• Over on Barto’s World (long-time connection with LD Blog), Amy Barto posted an entry pointing to the Yale Center’s and Wrightslaw’s pages.
  • Over on High Expectations Advocacy, Sandra Fitzpatrick posted a blog entry pointing to the Yale Center post and recommending that people contact their own representatives to encourage those legislators to support the resolution.
  • Joan Brennan, at Help for Struggling Readers provided a message of support including some useful links (along with some links to her own product).

Dyslexia is the most common reason that students are identified as having learning disabilities in the US. It is, indeed, a problem that deserves very careful consideration and systematic, evidence-based treatment. Even though some may glamorize it and others may ignore it, I agree that the most appropriate course of action is to recognize it and empower schools (and others) to address it effectively and humanely.

Readers interested in obtaining a PDF copy of the full resolution can download one.

Testing fraud of a different sort

In a puzzling case of a student who appears to have had problems throughout the primary grades and did not get help until fourth grade, Liz Ditz asks the question, How Often Does This Happen? Teacher accused of testing fraud to avoid special education referral for her student. Not until the parents had pushed for years were the child’s problems recognized. Was this a well-meaning, but misguided teacher? Has anti-LD sentiment become so strong that folks cheat to keep kids from having the label?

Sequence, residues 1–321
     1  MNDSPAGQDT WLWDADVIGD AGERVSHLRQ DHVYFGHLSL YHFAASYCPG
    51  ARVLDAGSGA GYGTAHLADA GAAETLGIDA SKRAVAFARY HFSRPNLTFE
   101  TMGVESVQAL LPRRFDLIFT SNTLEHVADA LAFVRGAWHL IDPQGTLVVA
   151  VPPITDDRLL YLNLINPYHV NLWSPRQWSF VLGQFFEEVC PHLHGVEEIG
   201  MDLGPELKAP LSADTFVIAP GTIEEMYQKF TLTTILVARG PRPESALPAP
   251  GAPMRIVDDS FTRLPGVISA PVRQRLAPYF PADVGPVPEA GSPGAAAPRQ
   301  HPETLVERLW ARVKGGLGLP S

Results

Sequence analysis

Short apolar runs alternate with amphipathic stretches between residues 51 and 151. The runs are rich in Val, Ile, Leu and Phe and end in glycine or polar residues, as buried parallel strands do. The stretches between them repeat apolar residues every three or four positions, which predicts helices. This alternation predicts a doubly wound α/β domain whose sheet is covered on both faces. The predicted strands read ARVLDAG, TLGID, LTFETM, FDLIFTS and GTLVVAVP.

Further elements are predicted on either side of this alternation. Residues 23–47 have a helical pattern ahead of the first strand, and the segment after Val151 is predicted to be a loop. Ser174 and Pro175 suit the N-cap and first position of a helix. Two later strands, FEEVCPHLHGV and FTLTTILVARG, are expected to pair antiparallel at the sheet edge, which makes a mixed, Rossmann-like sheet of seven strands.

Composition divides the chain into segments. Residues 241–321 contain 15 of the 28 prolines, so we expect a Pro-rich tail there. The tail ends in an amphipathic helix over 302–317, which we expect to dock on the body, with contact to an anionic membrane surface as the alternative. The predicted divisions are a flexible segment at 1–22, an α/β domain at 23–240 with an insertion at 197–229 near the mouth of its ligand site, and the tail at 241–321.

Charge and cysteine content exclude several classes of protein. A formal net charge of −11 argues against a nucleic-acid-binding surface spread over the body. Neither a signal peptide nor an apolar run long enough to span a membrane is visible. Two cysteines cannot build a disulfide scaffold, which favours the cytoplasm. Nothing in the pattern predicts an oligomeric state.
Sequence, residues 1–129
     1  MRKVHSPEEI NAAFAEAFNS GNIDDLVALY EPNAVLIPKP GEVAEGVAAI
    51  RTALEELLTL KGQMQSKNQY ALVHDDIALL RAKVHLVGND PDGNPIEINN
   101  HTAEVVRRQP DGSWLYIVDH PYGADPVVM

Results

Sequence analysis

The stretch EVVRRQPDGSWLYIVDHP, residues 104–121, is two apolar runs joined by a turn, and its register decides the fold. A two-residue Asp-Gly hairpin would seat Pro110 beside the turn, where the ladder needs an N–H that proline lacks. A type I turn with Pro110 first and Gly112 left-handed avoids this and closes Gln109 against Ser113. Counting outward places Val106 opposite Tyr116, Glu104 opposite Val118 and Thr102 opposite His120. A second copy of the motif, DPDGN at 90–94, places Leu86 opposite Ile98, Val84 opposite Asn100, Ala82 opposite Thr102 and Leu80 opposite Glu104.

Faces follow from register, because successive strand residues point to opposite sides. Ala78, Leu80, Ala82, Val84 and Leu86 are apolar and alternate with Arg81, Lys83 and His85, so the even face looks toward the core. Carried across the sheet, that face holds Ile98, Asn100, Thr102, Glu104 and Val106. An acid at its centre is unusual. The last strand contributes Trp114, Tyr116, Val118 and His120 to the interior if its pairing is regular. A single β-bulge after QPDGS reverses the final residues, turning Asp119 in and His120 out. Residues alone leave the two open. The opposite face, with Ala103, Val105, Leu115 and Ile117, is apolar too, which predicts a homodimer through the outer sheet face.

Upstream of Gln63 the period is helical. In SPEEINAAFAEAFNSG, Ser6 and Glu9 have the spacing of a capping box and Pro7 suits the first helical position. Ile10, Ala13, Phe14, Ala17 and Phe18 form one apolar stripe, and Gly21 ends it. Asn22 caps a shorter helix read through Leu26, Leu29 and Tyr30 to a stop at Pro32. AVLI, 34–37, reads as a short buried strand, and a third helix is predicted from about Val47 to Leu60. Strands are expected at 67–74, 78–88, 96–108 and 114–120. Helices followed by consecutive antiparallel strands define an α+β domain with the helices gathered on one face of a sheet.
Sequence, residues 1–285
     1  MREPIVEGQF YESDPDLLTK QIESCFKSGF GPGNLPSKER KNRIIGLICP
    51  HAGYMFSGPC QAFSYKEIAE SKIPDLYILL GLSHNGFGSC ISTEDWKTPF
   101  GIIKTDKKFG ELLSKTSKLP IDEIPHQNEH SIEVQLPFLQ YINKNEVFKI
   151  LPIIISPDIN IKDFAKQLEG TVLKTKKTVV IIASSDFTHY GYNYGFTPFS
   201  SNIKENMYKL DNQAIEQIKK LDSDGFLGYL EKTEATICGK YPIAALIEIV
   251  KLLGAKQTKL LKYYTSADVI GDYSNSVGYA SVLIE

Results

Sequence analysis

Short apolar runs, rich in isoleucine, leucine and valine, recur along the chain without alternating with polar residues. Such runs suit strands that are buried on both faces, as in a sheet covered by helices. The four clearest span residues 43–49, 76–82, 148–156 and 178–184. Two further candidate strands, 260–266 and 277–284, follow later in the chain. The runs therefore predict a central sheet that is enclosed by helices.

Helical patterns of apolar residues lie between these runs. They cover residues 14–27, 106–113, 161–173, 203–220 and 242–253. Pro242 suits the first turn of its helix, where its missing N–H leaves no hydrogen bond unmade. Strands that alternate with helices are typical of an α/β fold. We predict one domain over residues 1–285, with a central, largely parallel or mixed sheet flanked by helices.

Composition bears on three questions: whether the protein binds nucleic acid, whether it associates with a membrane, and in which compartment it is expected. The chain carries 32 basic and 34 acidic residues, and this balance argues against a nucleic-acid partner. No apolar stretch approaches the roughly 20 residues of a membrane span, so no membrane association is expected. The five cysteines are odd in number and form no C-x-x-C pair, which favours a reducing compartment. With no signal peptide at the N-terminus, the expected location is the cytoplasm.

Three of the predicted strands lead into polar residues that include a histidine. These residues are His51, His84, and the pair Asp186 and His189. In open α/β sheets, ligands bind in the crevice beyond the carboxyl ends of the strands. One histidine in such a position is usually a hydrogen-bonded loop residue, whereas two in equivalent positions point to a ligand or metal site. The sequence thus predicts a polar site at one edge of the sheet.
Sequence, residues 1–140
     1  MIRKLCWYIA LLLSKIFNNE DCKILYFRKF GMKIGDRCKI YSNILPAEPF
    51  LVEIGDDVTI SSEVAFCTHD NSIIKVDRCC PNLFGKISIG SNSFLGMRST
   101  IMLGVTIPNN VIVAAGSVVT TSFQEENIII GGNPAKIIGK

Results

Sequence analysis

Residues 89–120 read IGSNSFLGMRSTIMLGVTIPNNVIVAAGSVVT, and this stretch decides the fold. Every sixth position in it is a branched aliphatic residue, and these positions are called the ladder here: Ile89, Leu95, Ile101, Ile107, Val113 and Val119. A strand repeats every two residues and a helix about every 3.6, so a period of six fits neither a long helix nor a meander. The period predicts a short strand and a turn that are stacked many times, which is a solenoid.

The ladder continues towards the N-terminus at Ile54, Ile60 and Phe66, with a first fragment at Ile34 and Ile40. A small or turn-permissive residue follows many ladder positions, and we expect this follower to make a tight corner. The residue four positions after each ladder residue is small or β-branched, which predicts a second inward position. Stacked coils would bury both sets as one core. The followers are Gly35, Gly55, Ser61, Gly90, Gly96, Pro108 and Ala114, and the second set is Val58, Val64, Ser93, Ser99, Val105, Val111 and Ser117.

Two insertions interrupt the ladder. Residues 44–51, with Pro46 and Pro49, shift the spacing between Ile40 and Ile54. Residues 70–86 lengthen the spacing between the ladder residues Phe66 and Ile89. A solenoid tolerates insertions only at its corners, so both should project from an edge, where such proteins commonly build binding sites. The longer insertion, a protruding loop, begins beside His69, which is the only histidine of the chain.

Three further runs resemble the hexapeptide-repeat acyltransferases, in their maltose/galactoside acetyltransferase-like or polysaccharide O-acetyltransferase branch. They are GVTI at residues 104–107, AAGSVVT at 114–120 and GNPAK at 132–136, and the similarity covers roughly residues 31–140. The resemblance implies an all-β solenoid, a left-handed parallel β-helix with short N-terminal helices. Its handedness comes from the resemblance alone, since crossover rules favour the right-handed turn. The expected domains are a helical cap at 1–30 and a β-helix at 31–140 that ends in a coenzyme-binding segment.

Fletcher paper about identifying LD

The RTI Action Network published a paper by Jack Fletcher about identification of Learning Disabilities in the context of response to instruction (or intervention; RTI). Professor Fletcher, who has been a leading proponent of RTI since the 1990s, makes a strong case for the importance of examining instruction as a part of determining eligibility for LD services.
Continue reading ‘Fletcher paper about identifying LD’

Update: NJ gov. signs law creating dyslexia task force.

As reported earlier on LD Blog under the headline “New Jersey task force on reading disabilities created, seventh-grader Samantha Ravelli, of Ocean City (NJ, US), is having effects on public policy. The Associated Press reported 17 January 2010 that the law she lobbied her legislators to pass has been signed by the Governor of New Jersey.

Legislation inspired by an Ocean City girl who overcame severe dyslexia has been signed into law in New Jersey.
The measure creates a reading disabilities task force, which would help determine the best methods for diagnosing, treating and educating special needs students. The 13-member panel will include the state commissioners of education and human resources, four legislators and seven members of the public.